MS: Fire an ice equity correction approaches

Morgan Stanley is still making the most sense on Wall Street with daylight second:

Over the past few weeks we have discussed the increasing probability for a colder winter but a later start than previously expected. In other words, our Fire and Ice narrative remains very much intact, but timing is a bit more uncertain for Ice. Having said that, with inflation running rampant in bothc onsumer and corporate channels, the Fed is expected to formally announce its tapering schedule at next week’s meeting with perhaps a mor ehawkish “tone” to convince markets they are on the job. In other words, the Fire portion of our narrative (higher rates driven by a less accommodative Fed spurs multiple compression) is very much in gear and is a f  ocus for investors.

With so much attention on rising inflation now from both investors and the Fed, we shift our attention to the ongoing macro growth slowdown and when we can expect it to bottom and reverse course. As noted for months, we have been expecting a material slowdown in both economic and earnings growth amid a midcycle transition. The good news is so does the consensus as illustrated by the sharp declines in 3Q21 economic growth forecasts (Exhibit1). While 4Q21GDP forecasts have also declined, the expected growth rate is higher than 3Q—i.e.,the street expects growth to reaccelerate from here (Exhibit2). Most have blamed the Delta variant, China’s crackdown on real estate or power outages around the world for the economic disappointment in 3Q with the assumption all three will get better as we move into year end and 2022.

Needless to say, we’re not so sure about that assumption mainly because we think the more important driver of the slowdown has been a mid cycle transition to slowing growth from post-recession peak growth…which is not over yet. In our view, it would be intellectually inconsistent to think that the midcycle transition slowdown won’t be worse than normal given the greater than normal amplitude of this entire economic cycle so far—from a GDP growth, earnings growth and policy response standpoint. We recall our lonely position over a year ago when we argued for much greater growth and operating leverage for earnings given the large government subsidies for corporations as the unemployed were supported like never before. Today, we simply find ourselves in the exact opposite side of the argument relative to consensus, but for the same reasons. Since we believe consensus missed that insight last year, it seems possible they could be missing this side of the argument as well.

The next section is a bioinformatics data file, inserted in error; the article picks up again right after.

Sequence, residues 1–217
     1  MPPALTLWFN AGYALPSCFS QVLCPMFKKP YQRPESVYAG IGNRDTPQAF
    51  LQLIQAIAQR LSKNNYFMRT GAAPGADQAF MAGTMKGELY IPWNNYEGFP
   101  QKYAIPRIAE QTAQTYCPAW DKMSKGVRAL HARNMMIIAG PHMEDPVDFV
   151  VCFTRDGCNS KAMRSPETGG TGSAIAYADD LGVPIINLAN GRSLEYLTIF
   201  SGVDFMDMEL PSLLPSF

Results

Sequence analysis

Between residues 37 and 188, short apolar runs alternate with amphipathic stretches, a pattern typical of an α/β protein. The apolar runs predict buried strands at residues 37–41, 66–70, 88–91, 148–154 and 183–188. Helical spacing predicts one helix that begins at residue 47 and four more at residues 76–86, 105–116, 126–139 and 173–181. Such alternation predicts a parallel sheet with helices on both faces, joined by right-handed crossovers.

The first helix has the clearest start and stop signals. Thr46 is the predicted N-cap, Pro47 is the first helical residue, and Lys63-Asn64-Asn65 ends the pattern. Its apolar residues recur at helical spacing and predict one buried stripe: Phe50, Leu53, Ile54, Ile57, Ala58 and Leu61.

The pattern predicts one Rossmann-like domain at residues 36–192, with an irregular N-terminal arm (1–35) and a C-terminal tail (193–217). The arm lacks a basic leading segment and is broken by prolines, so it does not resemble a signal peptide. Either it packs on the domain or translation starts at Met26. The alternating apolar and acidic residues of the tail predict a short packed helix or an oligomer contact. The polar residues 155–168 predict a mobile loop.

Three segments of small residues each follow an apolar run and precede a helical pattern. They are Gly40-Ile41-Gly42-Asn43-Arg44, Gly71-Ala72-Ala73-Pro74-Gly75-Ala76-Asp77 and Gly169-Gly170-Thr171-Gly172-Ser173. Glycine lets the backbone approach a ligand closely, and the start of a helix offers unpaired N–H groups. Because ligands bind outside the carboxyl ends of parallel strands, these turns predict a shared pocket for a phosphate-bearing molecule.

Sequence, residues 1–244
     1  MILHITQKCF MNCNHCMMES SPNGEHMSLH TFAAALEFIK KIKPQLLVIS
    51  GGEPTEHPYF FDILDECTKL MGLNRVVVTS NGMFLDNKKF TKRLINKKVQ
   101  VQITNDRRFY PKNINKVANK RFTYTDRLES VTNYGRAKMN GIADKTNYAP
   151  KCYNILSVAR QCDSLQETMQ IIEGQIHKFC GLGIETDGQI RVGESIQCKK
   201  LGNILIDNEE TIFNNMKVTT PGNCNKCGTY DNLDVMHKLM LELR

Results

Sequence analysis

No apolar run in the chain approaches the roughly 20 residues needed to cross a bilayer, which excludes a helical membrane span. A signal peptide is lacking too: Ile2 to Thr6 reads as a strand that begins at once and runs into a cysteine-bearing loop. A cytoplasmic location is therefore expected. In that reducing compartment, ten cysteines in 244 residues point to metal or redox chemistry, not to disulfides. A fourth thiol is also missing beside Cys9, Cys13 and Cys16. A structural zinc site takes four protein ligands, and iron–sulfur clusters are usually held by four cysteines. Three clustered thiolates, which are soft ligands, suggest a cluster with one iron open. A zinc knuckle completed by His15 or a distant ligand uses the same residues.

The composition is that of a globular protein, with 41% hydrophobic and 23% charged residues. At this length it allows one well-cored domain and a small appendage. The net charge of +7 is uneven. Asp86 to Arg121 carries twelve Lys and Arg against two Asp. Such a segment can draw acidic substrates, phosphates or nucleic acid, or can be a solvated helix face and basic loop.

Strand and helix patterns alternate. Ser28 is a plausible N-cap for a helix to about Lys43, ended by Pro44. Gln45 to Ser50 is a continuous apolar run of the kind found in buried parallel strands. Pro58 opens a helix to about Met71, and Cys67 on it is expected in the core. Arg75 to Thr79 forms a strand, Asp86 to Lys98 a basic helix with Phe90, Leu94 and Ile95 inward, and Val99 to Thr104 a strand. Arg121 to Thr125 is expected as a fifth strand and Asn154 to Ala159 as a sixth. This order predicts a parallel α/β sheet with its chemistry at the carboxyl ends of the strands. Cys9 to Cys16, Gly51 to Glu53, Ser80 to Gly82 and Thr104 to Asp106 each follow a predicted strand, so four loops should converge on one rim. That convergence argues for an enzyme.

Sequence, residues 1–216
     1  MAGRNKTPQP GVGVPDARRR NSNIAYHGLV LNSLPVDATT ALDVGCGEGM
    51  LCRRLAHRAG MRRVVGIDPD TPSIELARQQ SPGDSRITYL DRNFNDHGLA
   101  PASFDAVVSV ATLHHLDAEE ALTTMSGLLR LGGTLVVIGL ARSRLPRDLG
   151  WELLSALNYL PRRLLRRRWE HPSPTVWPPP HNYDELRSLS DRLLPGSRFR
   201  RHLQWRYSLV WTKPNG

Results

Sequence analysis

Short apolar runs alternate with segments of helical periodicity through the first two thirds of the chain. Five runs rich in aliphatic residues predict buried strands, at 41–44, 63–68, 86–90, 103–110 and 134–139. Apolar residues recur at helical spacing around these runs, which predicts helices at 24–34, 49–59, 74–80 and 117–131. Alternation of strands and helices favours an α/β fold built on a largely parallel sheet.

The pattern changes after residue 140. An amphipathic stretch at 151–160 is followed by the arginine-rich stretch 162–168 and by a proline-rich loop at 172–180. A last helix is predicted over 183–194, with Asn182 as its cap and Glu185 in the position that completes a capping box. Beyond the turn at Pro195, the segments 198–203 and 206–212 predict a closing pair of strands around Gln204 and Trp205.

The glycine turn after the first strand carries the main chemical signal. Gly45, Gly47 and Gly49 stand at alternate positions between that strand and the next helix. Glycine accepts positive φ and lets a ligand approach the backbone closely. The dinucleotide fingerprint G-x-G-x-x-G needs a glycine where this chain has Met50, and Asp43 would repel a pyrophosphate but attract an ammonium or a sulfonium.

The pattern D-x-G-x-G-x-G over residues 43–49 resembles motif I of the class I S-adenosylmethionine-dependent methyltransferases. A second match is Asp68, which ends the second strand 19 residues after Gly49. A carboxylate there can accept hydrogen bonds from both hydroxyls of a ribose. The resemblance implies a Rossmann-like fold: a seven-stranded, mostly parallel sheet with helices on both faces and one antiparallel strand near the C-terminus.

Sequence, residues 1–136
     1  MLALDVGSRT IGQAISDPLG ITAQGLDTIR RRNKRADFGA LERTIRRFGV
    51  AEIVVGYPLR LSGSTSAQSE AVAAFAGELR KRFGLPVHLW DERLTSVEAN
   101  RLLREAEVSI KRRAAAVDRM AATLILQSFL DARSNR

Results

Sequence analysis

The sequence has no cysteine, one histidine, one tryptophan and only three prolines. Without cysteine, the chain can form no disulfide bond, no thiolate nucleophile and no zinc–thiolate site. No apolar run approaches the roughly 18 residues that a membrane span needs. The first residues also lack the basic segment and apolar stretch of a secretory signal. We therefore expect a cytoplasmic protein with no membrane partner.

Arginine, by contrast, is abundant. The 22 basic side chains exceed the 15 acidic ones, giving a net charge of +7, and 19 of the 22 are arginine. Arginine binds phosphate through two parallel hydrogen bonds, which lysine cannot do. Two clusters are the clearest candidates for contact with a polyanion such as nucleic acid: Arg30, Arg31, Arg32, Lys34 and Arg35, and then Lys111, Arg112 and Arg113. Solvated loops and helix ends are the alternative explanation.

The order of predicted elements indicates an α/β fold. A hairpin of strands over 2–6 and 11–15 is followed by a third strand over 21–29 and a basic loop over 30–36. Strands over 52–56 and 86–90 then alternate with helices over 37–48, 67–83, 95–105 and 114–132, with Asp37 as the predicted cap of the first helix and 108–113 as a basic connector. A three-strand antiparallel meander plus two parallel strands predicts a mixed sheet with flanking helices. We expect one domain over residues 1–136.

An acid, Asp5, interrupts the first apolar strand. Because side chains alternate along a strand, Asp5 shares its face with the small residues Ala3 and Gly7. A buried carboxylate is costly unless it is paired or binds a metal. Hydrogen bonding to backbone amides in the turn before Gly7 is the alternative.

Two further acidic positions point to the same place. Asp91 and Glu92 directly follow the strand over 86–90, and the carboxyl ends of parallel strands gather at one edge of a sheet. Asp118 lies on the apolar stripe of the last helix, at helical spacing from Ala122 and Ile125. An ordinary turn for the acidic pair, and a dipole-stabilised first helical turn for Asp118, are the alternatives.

Bottom line, we think the growth slowdown will be worse and last longer than expected—i.e., well into the first half of 2022 as the payback in demand arrives with the sharpy/y decline in personal disposable income (top panel Exhibit3). While many have argued the large increase in personal savings will allow consumption to remain well above trend, it looks to us like personal savings have already been drawn down to pre-COVID levels (bottom panel Exhibit3).

In our discussions with clients, many have countered that this measure of personal savings doesn’t include the enormous rise in stock, real estate and crypto assets over the past year. We concur, but we also know that asset wealth is very concentrated in the top quintile of the population. In fact, the lower end consumer is really starting to hurt according to a recent Harvard/NPRsurvey.

With the Fed tightening policy, it’s likely multiples will continue to fall as they typically do at this stage of the recovery. Therefore, from here the key variable for stocks will be the trajectory of NTMEPS forecasts. On that score, there has been a flattening out of estimates, but NTMEPS has continued to rise at a slower rate. However, as we illustrate in the next section, earnings revisions breadth is now falling rapidly for almost all sectors. Given that revisions breadth is a very good leading indicator for NTMEPS, we think it’s only a matter of time before NTMEPS begin to decline.

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